Monthly Archives: January 2012

Compiling read_wrf_nc with gfortran

Quick but simple tool for extracting time-series from WRF netcdf output. Does not do any de-stagerring of variables.

gfortran lacks iargc, so compile the following

extern int _gfortran_iargc(void);
int iargc_()
return _gfortran_iargc();

$ gfortran -c gfortran_iargs.c
$ gfortran gfortran_iargc.o read_wrf_nc.f90 -L$NETCDF/lib -lnetcdf -I/$NETCDF/include -ffree-form -o read_wrf_nc

Gribmaster, cut faster.

Some notes on using the bundle of awesomeness that is the gribmaster. For my own reference, of zero interest to the outside world.

./gribmaster --dset gfs004grib2

Will fetch most recent cycles of GFS model, from servers defined in the config/gfs004grib2.conf file.

The dreaded GRIB format

I’m trying to do some processing of GFS forecast data, to try and find a nice way of interpolating wind speeds to heights above sea level (and eventually above ground level, but that may have to wait).

I thought I could use the Climate Data Operators (CDO), but my grib files appear to have duplicate records in them. Or they do according to wgrib2. To remove duplicate records you can do:

wgrib2 IN.grb -submsg 1 | | wgrib2 -i IN.grb -GRIB OUT.grb

(a) for messages with submessages, only the inventory of the 1st message is checked. i.e. if the 1st submessage matches and the second submessage doesn’t, the entire message is removed.
(b) order is preserved
(c) submessage structure is retained, see (a)
(d) note that on the command line, “GRIB” is capitalized

Where is:

----------------------- ------------------------
#!/usr/bin/perl -w
# print only lines where fields 3..N are different
while () {
$line = $;
=~ s/^[0-9.]:[0-9]://;
if (! defined $inv{$}) {
} = 1;
print "$line\n";
--------------------- end ----------------------

UPDATE: This didn’t help – it did seem to remove duplicate records, but CDO still didn’t like the data. In any case I found out MET doesn’t support grib2 format, so I need to convert my GFS files into grib1 in order to do any verification.

I did, however, find an awesome set of tools called gribmaster. Which will fetch grib data from loads of sources. This will be a godsend when I eventually try and make WRF operational, but even now it’s very useful as it contains, pre-compiled, wgrib, wgrib2, and gribconv, plus some other tools for working with GEMPAK. In short it is awesome, and knows it.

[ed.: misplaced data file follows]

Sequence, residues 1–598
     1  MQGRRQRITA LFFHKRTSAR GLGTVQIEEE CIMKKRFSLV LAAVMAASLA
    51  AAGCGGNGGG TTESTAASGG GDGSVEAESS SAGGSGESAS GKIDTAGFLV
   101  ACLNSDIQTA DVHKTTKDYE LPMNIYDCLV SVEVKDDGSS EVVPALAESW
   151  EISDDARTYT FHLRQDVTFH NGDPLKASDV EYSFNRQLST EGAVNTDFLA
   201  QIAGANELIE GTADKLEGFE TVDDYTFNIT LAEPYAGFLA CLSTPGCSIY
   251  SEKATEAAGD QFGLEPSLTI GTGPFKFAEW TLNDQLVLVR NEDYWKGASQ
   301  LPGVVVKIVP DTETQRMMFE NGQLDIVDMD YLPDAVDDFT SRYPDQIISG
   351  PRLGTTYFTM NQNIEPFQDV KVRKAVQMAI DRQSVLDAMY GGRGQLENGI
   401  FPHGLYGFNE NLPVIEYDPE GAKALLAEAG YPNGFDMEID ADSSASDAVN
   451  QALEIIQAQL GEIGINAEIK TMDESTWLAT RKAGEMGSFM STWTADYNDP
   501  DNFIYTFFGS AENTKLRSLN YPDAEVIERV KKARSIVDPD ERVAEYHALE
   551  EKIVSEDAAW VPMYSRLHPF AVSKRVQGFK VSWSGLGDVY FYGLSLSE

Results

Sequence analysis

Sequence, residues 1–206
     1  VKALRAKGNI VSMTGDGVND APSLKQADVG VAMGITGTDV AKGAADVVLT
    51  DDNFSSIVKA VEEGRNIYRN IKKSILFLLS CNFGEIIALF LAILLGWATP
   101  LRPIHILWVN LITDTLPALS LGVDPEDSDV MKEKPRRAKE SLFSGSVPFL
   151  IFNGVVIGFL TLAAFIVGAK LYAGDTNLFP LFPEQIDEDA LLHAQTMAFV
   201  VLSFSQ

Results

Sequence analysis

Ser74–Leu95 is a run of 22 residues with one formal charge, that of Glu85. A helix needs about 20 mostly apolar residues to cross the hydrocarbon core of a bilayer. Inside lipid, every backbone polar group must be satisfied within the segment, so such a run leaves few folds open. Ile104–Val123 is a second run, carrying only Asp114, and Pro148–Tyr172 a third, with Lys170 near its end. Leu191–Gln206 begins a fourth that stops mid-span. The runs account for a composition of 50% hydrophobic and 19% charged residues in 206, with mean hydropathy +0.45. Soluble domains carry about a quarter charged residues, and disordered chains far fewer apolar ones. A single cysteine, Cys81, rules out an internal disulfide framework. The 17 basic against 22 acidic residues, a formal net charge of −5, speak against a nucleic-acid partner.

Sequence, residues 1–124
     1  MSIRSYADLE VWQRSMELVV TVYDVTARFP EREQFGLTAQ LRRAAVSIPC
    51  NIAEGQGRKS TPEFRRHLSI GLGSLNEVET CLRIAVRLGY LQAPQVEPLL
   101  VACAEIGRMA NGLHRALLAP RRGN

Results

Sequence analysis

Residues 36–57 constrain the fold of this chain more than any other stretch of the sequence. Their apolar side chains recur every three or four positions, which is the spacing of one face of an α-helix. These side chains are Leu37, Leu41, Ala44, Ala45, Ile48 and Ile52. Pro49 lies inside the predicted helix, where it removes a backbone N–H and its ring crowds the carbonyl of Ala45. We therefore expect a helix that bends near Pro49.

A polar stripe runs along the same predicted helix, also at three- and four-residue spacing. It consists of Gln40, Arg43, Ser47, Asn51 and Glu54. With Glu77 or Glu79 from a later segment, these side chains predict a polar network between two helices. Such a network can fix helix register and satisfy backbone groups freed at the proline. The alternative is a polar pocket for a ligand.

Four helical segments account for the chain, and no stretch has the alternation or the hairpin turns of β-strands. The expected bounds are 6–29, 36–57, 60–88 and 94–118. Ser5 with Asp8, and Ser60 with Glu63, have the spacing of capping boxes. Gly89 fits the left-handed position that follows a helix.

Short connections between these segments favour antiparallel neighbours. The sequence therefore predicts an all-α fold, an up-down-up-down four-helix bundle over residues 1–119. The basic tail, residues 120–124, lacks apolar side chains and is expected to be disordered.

So, my interim solution is to use 10m wind from GFS for validation against 80m towers (I know), but at least it lets me build the rest of the framework without wasting more time working with grib files. My strategy is this:

grib2 files ----> wgrib2 -----> 10m wind only ------> gribconv ------> grib1 files -----> met

Meteorologists were only ever interested in surface or upper air. The wind industry is interested in 80-100m. Hopefully one day they’ll meet.

Hub-height wind speeds from WRF and GFS

I need to extract wind speed from an atmospheric model at 80m above ground level. That should be pretty simple right? There must be a tool which does that already? Anywhere?

Atmospheric models generally don’t like height above ground as vertical coordinate. Most human beings do. This makes getting variables at specified heights a bit of a mission. Especially if the files are in GRIB format, which is a pain in itself.

One option I’ve have found for WRF is the Universal Post Processor, UPP. UPP will interpolate variables onto a fixed set of heights above sea level, flight levels. These are hard-coded into UPP at: 30m, 50m, 80m, 100m, 305 and a bunch of other heights up to 6000m.

A (not-documented) feature of UPP is that if you specify the vertical levels with a ‘2’, they are interpolated to heights above ground level. Or at least above the level of the model terrain. So put

L = (22220, 0000 ....)

into you wrf_cntrl.parm file, you will get variables out at 30m, 50m, 80m and 100m, above terrain level. Additionally, if you dig into the UPP source code and edit:


Then you change the heights to be whatever you want. I settled on every 10m up to 120m. However, a quick check in
src/unipost/FDLVL.f reveals the interpolation is done linearly in height from the levels above and below the height you are interested in. OK if your model levels are close together. However, linearly interpolating wind speed from 150m to 80m is a bit questionable. Don’t expect any magic to recreate the vertical wind speed profile.

It would be nice if UPP at least had the option to interpolate in log h. I looked at changing the source code to do this, but then backed away. It didn’t look too difficult, I’m just lazy.

Oh – and UPP produces GRIB output. This is fine for me as I need GRIB format for input into the MET tool. But for most uses, GRIB is pretty painful to work with. I mean, fancy taking your lovely NetCDF files and giving you back GRIB. It’s just not a deal.

GFS output proved even more of a challenge. UPP can apparently can work directly with GFS data, but there is no documentation on it. I tried it, and it attempted to read GFS files using an i/o module designed to import WRF data, so it fell over and died.

Next I tried using CDO. But I was unable to work with GFS output, as CDO seemed to think there was more than one timestep in my GRIB files (there wasn’t).

The only tool left is NCL, which can’t write GRIB output. I have implemented some code to which interpolate wind speeds to heights above ground level. My options now are to write that to NetCDF format, and then try and convert to GRIB so that I can input it into MET.

Surely there must be an easier way.

Building CDO with Grib2 support

I was struggling to build CDO with GRIB2 support. Some instructions here:

Eventually I succeeded using:

$ ./configure --prefix=$HOME/usr --with-netcdf=/cm/shared/apps/netcdf/gcc/64/4.0.1 --with-hdf5=/cm/shared/apps/hdf5/current --with-zlib=/usr --with-szlib=$HOME/usr --with-grib-api=$HOME/usr --disable-shared --with-jasper=$HOME/usr